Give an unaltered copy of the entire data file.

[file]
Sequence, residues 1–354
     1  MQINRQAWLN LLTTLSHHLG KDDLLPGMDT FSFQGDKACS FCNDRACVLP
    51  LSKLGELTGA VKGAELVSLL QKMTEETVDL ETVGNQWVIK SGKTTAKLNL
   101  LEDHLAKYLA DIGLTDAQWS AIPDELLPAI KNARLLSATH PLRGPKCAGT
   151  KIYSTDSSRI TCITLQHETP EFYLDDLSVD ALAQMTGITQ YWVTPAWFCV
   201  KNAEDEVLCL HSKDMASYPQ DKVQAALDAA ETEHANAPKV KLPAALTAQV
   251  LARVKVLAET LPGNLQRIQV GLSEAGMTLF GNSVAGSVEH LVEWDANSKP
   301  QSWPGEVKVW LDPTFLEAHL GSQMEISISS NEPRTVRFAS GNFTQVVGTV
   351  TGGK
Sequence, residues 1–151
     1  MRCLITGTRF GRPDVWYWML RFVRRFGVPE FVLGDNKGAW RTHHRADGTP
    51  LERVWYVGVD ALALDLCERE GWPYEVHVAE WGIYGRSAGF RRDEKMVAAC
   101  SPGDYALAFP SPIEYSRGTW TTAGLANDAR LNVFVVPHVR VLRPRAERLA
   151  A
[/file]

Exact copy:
Sequence, residues 1–354
     1  MQINRQAWLN LLTTLSHHLG KDDLLPGMDT FSFQGDKACS FCNDRACVLP
    51  LSKLGELTGA VKGAELVSLL QKMTEETVDL ETVGNQWVIK SGKTTAKLNL
   101  LEDHLAKYLA DIGLTDAQWS AIPDELLPAI KNARLLSATH PLRGPKCAGT
   151  KIYSTDSSRI TCITLQHETP EFYLDDLSVD ALAQMTGITQ YWVTPAWFCV
   201  KNAEDEVLCL HSKDMASYPQ DKVQAALDAA ETEHANAPKV KLPAALTAQV
   251  LARVKVLAET LPGNLQRIQV GLSEAGMTLF GNSVAGSVEH LVEWDANSKP
   301  QSWPGEVKVW LDPTFLEAHL GSQMEISISS NEPRTVRFAS GNFTQVVGTV
   351  TGGK
Sequence, residues 1–151
     1  MRCLITGTRF GRPDVWYWML RFVRRFGVPE FVLGDNKGAW RTHHRADGTP
    51  LERVWYVGVD ALALDLCERE GWPYEVHVAE WGIYGRSAGF RRDEKMVAAC
   101  SPGDYALAFP SPIEYSRGTW TTAGLANDAR LNVFVVPHVR VLRPRAERLA
   151  A